The effects of eye rubbing
Is eye rubbing the root cause of keratoconus?
Damien Gatinel MD, PhD
Chronic and vigorous eye rubbing is the main and necessary causative factor of keratoconus rather than just another risk factor among others in the evolution of the condition, according to Damien Gatinel MD, PhD.
“The time has come to challenge the common conception of keratoconus as a dystrophy of unknown genetics and biomolecular substratum. I believe that keratoconus is primarily a mechanical and behavioural disease in which the sleeping position plays a key role maybe by reducing the corneal resistance and also triggering some rubbing,” said Dr Gatinel, speaking at the World Ophthalmology Congress (WOC) in Barcelona.
Summing up his theory as “no rub, no cone”, Dr Gatinel said that his clinical experience looking at hundreds of case histories of keratoconus patients is that the absence of rubbing may actually prevent keratoconus from occurring in the first place.
“We believe the problem is that eye rubbing has been positioned as a risk factor, but when you think about it the other risk factors for keratoconus are more risk factors for eye rubbing than keratoconus itself. Eye rubbing is the only risk factor that is exerted directly against the cornea, and the force that is applied with the fingers or knuckles can sometimes be as high as the force resulting from the pressure in a car tyre,” he said.
Dr Gatinel said that not every eye rubber will develop keratoconus but that patients with the particular “keratotype” of an existing thin and weak cornea are particularly at risk.
“I often use the analogy of sunburn to explain what I feel about this association between keratoconus and eye rubbing. There are risk factors for sunburn, such as light skin and exposure to the sun at certain times of the day. But what causes the sunburn is the UV light. So we have risk factors and a phototype, but if there is no UV there is no sunburn. Likewise, I believe that if there is no rubbing there is no cone and that there are certain keratotypes which may expose you to keratoconus if you rub and you have a thin or a soft cornea,” he said.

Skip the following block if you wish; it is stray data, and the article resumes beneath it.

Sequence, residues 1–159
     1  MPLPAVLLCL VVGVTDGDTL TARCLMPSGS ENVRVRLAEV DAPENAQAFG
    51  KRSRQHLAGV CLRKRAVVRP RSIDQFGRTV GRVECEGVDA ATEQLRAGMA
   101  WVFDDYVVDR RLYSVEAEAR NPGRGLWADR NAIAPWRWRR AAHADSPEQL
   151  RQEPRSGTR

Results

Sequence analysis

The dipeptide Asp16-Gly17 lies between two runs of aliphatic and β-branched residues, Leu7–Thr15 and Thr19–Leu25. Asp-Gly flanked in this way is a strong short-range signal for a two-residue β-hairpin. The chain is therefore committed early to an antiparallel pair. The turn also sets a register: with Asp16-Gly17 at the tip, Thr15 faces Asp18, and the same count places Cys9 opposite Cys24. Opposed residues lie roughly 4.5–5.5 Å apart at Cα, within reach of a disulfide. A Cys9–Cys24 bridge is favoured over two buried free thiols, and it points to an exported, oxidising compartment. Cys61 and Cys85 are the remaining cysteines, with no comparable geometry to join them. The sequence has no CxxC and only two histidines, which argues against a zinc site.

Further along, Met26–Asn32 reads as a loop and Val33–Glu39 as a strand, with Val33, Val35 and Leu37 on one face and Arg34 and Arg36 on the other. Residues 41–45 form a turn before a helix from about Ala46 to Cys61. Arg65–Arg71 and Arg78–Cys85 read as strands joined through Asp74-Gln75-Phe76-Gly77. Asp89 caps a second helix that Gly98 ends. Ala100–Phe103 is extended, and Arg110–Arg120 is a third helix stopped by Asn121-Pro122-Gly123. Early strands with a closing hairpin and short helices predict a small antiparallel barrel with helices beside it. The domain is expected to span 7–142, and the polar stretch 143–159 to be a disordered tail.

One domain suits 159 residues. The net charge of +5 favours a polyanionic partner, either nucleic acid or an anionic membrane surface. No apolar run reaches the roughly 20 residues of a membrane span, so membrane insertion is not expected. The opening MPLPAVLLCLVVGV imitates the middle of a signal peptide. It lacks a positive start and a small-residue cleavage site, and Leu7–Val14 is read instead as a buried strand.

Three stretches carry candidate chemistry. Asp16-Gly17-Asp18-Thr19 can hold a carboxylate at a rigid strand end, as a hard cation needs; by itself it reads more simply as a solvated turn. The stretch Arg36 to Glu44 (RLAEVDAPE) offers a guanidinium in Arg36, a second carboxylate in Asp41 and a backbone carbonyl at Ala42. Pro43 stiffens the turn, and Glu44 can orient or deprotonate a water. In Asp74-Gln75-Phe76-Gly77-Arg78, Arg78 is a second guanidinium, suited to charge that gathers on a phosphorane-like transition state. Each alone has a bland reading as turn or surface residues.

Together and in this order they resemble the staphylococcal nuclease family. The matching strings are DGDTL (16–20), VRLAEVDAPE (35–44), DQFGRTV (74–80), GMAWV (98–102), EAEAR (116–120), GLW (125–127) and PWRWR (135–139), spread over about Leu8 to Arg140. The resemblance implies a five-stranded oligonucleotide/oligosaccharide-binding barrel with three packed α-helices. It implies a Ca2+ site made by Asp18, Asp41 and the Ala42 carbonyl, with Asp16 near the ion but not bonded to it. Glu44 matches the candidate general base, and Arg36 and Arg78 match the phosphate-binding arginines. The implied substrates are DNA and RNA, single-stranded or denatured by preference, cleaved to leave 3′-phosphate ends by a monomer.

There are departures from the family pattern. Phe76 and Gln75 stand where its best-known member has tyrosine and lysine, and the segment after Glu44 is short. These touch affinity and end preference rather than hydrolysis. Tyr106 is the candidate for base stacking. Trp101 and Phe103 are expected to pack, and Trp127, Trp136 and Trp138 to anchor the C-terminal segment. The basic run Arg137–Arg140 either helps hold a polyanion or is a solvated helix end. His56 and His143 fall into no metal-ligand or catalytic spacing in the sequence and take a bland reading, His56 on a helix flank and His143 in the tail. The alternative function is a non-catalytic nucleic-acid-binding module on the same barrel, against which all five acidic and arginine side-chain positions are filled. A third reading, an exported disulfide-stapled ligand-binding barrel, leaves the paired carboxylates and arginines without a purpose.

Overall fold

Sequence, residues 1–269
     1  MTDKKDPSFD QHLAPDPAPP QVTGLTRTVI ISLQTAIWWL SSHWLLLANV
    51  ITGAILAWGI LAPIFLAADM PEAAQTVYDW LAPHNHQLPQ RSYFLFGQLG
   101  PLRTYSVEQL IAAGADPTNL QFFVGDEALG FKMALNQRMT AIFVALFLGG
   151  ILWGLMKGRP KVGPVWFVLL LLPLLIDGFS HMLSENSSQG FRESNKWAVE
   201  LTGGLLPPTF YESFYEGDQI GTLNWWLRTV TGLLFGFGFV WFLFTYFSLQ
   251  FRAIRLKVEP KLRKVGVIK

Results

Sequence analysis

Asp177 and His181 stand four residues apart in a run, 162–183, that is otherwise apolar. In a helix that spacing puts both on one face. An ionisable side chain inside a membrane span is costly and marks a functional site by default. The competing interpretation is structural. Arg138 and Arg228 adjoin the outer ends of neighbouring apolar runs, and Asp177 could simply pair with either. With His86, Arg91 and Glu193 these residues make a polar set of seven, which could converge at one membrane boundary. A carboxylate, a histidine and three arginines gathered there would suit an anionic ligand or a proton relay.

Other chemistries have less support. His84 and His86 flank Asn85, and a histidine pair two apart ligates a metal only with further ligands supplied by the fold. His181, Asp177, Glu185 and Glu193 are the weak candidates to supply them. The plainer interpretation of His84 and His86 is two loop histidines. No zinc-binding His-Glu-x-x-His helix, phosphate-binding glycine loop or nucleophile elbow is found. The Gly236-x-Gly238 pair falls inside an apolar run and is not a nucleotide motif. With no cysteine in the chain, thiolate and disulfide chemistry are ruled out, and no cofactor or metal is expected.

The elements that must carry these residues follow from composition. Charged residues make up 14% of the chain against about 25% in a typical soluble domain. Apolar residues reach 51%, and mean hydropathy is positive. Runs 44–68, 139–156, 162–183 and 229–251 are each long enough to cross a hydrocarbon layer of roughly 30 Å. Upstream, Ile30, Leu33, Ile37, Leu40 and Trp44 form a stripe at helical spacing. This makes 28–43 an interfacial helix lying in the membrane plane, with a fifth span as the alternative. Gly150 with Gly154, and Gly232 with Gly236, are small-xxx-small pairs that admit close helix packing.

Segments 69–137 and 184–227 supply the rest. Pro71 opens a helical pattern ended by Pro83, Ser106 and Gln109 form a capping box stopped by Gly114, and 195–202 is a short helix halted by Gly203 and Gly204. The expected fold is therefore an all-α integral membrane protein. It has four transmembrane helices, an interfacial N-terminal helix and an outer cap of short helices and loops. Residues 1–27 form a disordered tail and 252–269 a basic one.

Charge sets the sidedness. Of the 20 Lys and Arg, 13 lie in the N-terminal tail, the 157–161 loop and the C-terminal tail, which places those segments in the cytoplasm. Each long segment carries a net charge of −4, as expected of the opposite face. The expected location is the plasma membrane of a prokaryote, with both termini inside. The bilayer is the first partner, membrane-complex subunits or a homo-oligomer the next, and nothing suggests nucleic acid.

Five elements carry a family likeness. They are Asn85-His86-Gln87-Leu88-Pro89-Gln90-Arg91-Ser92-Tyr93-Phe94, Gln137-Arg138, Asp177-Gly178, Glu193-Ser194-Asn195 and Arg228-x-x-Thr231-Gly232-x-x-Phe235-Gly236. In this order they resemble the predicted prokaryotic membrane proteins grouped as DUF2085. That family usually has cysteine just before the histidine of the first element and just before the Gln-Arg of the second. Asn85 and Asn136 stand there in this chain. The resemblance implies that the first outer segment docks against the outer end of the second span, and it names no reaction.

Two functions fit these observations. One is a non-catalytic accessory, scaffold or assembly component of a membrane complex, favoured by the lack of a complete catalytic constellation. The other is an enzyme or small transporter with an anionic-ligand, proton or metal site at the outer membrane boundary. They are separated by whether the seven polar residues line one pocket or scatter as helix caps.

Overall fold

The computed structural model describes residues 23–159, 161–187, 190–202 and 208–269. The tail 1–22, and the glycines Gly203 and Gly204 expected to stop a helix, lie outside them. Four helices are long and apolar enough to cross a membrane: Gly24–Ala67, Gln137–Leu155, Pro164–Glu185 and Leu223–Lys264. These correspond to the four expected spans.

The orthodox teaching is that keratoconus is an unknown genetic dystrophy that leads to cornea weakening through a series of factors involving the reduction of collagen/elastin, extracellular matrix degradation and collagenase and enzymatic activity, among others, said Dr Gatinel.
“However, the literature shows that only 14% of cases are non-sporadic, so it does not really fit the bill of a true genetic disease. It also does not explain why left and right eyes can be affected very differently and there has been no gene found yet despite many family studies conducted,” he said.
The theory that inflammation triggered by dry eye syndrome may be responsible for keratoconus initially seems plausible, said Dr Gatinel, since surface inflammation can lead to impaired surface barrier and temperature rise triggering a cascade leading to corneal weakening.
“The problem with this theory is that inflammation usually causes flattening, not steepening as in cases of diffuse lamellar keratitis or stromal keratitis. Furthermore, even if you believe in the theory of surface inflammation and dystrophy there is still a major issue in that a soft cornea is not a keratoconus cornea,” he said.
Dr Gatinel noted that Marfan syndrome should perfectly support the theories of keratoconus that attempt to explain the ectatic process. In Marfan syndrome, the gene mutation is identified, and the molecule involved in this connective tissue dystrophy is responsible for the reduction of the strength of the collagen present in the ocular tissues, including the corneal stroma.
“However, despite all these features no keratoconic ectatic pattern is seen in the corneas of patients with Marfan syndrome. The Marfan corneas are thinner but tend to be flatter instead of steeper,” he said. These characteristics (progressive thinning and stretching causing corneal flattening) may in fact better correspond to the term “ectasia” than what is observed in keratoconus. The focality of the corneal damage pleads in favour of a local vulnerate agent, which is the repeated trauma inflicted by the patient’s fingers. Over time, the applied force results in a progressive thinning and focal steepening of the corneal wall. Keratoconus, from form fruste to severe, corresponds to variable levels of permanent warpage caused by a corneal buckling of primarily mechanical origin.
Summing up, Dr Gatinel advised doctors to warn their patients of the deleterious effects of chronic and vigorous eye rubbing.
“If our ‘no rub, no cone’ conjecture is correct then we must have stabilisation when people stop rubbing, or else there are other factors involved. I am happy to say that all of our cases apart from three, which we have documented on our website defeatkeratoconus.com, are stable. The three patients who have not stabilised all continue to rub their eyes,” he said.
Damien Gatinel: firstname.lastname@example.org